A panel of experts has published a guide on how radiology departments can best use their resources to prepare for the coronavirus pandemic

Radiology leaders share coronavirus strategies and best practices

March 19, 2020
by John R. Fischer, Senior Reporter
Radiologists worldwide are facing a number of uncertainties in their response to the coronavirus, but experts are sharing suggestions and protocols implemented at their own practices, to help their colleagues understand where they fit into the fight against the pandemic.

The University of Washington School of Medicine, for example, has begun screening at high-flow main hospital entrances to check if incoming patients have symptoms that could be related to the coronavirus infection or carry risk factors related to travel or exposure.

“The radiology front desk serves as an additional screening site, with similar screening to that performed at the hospital front door,” said Dr. Mahmud Mossa-Basha, associate professor of radiology at the university, in a statement. “Patients who come in with respiratory symptoms who are undergoing outpatient imaging or procedures have their imaging exams canceled and are asked to follow up with their primary care physician.”

Mossa-Basha is part of a panel of radiologists assembled by the editorial board for the journal, Radiology, who have compiled policies and recommendations on how their profession can treat patients suffering from COVID-19 symptoms, while protecting hospital staff and other patients. The panelists represent healthcare institutions in Washington, New York, Georgia, California, Wisconsin and Singapore who have developed policies in conjunction with infection control experts within their institutions.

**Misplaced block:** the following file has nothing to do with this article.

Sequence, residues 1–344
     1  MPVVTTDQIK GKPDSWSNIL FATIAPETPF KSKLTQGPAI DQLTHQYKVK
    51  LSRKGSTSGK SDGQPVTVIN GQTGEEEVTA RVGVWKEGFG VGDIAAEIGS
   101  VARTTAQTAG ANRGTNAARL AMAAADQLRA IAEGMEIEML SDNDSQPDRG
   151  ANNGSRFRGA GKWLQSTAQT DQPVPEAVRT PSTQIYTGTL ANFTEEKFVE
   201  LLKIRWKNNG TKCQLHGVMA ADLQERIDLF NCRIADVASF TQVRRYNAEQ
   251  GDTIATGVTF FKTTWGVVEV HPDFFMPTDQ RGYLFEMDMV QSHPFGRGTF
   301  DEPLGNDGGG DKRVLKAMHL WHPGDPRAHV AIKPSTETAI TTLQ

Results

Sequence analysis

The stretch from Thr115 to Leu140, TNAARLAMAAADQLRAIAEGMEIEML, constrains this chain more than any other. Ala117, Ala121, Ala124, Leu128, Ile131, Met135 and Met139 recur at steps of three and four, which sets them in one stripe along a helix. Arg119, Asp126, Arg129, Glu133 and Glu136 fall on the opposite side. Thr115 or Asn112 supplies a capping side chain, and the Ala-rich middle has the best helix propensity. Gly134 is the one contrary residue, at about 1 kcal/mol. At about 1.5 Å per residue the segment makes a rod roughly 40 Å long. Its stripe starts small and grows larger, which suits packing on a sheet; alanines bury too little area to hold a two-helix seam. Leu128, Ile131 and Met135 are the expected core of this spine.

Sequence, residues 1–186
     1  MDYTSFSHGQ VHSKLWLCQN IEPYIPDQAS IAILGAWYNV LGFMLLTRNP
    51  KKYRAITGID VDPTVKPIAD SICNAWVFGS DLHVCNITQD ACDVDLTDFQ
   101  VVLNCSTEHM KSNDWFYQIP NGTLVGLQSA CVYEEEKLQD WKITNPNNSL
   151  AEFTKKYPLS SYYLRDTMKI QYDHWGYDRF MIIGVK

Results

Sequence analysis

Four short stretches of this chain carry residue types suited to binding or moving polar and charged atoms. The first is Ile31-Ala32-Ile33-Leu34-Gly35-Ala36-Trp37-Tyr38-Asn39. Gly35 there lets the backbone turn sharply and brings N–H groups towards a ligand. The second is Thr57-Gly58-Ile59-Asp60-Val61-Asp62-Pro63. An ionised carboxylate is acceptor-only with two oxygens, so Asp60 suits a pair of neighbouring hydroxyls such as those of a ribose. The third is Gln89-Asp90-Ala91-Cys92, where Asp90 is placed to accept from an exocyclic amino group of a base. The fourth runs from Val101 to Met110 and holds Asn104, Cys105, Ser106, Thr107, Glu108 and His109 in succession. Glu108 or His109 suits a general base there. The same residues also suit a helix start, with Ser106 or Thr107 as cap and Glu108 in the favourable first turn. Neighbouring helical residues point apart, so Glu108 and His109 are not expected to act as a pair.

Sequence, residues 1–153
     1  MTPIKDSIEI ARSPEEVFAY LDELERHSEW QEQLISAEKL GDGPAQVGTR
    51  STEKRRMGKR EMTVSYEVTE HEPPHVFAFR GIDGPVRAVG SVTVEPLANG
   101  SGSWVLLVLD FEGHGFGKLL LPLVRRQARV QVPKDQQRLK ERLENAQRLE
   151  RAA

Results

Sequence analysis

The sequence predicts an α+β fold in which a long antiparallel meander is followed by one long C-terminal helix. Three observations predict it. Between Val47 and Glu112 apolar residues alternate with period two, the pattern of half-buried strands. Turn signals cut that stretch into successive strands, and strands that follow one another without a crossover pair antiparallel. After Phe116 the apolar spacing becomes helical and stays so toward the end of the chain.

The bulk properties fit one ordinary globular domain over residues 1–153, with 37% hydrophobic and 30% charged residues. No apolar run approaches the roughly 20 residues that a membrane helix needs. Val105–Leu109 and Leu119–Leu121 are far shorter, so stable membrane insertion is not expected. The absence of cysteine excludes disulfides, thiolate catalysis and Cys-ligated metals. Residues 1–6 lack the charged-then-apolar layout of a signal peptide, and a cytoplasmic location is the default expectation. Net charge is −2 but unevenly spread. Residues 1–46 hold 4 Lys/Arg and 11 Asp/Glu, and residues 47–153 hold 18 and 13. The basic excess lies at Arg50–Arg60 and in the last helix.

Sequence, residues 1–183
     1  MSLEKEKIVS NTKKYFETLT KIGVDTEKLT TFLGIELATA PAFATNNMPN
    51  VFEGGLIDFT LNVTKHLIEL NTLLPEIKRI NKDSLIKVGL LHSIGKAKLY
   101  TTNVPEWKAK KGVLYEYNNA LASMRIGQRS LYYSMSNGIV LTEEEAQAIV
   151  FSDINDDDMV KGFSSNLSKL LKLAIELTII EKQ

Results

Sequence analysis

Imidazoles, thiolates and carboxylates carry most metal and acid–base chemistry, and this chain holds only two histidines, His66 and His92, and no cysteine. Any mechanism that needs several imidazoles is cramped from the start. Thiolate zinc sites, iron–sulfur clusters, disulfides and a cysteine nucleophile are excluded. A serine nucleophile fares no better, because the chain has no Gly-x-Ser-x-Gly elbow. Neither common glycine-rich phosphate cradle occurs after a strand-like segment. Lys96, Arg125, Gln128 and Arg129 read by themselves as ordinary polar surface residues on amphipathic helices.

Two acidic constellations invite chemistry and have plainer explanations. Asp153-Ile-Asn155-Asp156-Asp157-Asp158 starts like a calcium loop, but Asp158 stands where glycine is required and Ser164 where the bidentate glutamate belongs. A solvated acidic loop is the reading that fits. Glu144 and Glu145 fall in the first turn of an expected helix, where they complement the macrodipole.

They say top priorities for radiologists should be early detection, limiting virus exposure to others, safety precautions, cleaning protocols, training, and maintenance of operations and staffing.

“We are rethinking how radiology can deliver optimal imaging and treatment while reducing unnecessary movement and congregation of patients within our hospital environment,” said Dr. Bien Soo Tan, chair of the division of radiological sciences at Singapore General Hospital, in a statement. “Teleconsultation and electronic smart appointment applications and counseling are being fast-tracked for implementation, and will have far-reaching impact on our future practice.”

Initially part of the diagnostic criteria for COVID-19, chest CT scans are now being used more for preparation in preventing the spread of the disease. This, however, has put a strain on radiology departments, which still must provide necessary support for entire hospitals and health systems.

One precaution that Emory University School in Atlanta has taken is to clean CT scanners when a patient with suspected signs of the virus undergoes scanning on one. This, however, puts CT scanners out of commission for hours. In addition, the institute is deploying methods to limit exposure to patients and staff members, without significantly disrupting workflow and delivery of care.

"Quarantine of clinical radiologists, staff, and trainees following travel to Level 3 countries and/or following exposure to patients with proven or suspected COVID-19 have the potential to quickly overburden our ability to adequately staff critical services," wrote Dr. Carolyn C. Meltzer, of Emory University School of Medicine in the panel research article. "We are working to rapidly obtain and deploy additional home workstations so that asymptomatic radiologists can work from home. While this approach does not help procedural services, it can decompress diagnostic interpretations and provide back up for surge capacity."

The recommendations were published in Radiology.

Panel participants were unable to comment at this time.